Airline profits expected to begin slow climb in 2010
Sept. 13, 2010, Ottawa - After losing money in 2009 for first time in five years, Canada’s airlines are expected to return to modest profitability this year, according to The Conference Board of Canada’s Canadian Industrial Outlook: Canada’s Air Transportation Industry-Summer 2010.
Passenger counts are up and airlines are enjoying a much-improved 2010, but the industry is still several years away from approaching its pre-recession profit levels,” said Maxim Armstrong, Economist. “Air travelers are willing to fly, but only if the price is right, so airlines have limited ability to increase fares even when costs such as fuel are on the rise.”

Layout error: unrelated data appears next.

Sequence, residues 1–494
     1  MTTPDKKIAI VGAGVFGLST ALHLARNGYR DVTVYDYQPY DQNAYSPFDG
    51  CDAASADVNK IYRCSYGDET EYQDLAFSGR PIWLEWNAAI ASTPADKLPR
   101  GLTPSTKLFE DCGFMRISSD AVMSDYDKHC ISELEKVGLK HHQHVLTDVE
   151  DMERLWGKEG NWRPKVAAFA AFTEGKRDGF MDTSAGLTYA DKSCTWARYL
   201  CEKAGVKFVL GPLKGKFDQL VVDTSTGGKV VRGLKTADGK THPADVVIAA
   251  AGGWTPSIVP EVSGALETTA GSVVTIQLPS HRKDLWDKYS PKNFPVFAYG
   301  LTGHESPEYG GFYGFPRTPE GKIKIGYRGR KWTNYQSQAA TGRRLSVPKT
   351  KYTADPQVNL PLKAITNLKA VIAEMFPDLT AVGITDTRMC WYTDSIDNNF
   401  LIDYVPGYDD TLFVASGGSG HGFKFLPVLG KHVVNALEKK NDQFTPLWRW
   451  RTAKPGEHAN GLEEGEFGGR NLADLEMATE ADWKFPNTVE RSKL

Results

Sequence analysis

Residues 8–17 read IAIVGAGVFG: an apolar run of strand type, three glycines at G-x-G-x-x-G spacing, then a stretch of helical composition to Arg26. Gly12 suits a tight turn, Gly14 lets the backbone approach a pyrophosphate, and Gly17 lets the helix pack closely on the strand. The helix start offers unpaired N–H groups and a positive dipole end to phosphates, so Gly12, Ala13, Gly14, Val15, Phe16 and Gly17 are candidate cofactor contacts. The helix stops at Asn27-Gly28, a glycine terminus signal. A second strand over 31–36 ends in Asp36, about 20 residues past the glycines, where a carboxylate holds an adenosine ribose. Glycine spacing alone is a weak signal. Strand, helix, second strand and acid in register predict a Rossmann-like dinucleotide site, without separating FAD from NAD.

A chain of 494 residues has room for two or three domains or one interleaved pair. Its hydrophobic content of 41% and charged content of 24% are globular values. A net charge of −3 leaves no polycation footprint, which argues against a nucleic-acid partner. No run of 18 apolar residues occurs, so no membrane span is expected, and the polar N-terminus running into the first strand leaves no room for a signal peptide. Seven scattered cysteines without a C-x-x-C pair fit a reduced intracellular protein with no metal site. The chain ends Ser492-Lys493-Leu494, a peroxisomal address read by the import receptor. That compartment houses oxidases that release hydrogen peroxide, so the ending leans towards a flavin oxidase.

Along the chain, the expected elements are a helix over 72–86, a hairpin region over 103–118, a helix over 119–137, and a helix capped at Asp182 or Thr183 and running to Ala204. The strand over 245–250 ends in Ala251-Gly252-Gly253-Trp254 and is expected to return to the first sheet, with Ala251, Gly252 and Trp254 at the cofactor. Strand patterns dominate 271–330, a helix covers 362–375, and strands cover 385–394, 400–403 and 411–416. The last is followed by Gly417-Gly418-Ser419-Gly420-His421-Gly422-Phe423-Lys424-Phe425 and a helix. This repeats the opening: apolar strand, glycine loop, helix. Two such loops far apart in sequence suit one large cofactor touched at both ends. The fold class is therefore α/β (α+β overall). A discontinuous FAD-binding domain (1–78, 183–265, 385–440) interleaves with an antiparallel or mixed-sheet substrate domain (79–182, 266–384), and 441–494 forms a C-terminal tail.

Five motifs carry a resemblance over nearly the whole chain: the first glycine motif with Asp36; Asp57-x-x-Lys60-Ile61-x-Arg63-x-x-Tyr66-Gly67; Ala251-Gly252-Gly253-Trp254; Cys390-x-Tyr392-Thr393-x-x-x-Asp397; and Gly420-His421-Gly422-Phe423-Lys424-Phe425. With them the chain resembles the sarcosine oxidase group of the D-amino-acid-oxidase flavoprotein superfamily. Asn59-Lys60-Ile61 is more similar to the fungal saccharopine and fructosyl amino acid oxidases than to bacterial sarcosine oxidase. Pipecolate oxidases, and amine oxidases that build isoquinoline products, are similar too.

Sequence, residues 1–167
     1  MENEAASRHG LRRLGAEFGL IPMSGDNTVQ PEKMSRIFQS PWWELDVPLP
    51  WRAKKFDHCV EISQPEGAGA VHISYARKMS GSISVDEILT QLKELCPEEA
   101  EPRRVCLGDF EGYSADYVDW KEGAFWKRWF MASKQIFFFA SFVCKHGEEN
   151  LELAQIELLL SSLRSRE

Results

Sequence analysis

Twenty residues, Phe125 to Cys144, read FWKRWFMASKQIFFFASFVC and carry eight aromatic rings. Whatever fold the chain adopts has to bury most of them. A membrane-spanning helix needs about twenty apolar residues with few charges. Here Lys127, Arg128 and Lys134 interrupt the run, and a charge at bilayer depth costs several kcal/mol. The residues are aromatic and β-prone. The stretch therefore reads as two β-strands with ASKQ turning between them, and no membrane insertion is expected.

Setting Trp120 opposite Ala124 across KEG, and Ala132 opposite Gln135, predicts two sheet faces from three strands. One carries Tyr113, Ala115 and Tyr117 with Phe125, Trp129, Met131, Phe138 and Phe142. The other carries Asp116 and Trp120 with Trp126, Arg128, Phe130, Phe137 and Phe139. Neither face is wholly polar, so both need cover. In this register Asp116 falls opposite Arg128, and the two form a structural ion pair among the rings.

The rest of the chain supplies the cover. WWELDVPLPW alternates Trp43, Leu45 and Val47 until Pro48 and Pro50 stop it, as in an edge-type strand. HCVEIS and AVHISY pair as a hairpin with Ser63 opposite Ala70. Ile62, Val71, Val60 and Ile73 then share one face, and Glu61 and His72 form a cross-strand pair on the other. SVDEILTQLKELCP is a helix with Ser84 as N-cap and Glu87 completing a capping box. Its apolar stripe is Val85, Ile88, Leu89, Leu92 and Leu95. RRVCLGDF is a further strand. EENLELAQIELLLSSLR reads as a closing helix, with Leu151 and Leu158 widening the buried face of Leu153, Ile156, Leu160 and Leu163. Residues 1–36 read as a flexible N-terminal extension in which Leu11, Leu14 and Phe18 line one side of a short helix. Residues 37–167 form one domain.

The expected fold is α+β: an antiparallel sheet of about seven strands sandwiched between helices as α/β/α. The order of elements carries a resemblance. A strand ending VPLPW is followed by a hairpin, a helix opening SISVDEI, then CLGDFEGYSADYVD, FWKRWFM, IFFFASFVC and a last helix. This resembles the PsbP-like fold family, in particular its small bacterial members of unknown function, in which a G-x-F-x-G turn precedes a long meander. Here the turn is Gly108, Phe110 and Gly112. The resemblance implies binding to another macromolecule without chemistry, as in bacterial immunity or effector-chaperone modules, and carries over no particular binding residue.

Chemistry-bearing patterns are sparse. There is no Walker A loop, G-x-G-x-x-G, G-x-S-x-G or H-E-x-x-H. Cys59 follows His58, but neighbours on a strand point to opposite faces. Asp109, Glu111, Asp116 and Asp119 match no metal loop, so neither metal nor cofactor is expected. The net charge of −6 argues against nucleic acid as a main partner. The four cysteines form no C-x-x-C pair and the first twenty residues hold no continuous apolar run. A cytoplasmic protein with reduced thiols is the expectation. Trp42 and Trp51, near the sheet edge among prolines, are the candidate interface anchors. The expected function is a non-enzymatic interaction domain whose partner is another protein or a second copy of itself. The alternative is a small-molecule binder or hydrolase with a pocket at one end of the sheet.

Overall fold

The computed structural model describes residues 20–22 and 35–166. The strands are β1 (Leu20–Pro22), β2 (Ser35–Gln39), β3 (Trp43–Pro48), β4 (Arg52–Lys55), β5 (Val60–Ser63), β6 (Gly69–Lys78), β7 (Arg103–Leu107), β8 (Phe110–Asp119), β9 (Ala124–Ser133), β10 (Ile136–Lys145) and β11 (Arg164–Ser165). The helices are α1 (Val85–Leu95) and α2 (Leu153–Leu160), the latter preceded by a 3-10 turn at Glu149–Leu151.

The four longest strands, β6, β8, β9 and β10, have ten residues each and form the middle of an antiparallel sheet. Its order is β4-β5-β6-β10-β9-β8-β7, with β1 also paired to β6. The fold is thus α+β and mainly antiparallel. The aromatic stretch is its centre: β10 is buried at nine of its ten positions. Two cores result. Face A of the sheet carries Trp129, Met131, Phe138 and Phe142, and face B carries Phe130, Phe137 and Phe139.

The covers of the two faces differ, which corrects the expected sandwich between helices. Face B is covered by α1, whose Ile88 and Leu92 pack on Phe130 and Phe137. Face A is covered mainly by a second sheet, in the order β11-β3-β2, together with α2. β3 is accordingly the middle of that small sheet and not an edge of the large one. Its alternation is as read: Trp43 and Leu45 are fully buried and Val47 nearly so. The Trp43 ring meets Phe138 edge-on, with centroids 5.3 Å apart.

This year, prices are expected to remain virtually flat, increasing just 0.1 per cent. Airlines will have to wait until next year—when the economy is expected to be on more solid ground, and consumers and businesses are more confident in their financial situation—to boost their prices.
Pre-tax profits are expected to reach $192 million this year, a turnaround from a loss of $381 million in 2009. Even if passenger loads continue to strengthen, the industry is not expected to surpass its recent peak in profit levels – $530 million in 2007 – during the forecast period (through 2014).
With fuel accounting for more than one-quarter of operating costs, oil prices will continue to place pressure on airline profitability in the coming years. As well, the strength in the Canadian dollar makes it more difficult to attract international – particularly American – travelers. Finally, the uncertain economic recovery in the United States could limit passenger demand even more than forecast, posing a further risk to the Canadian industry.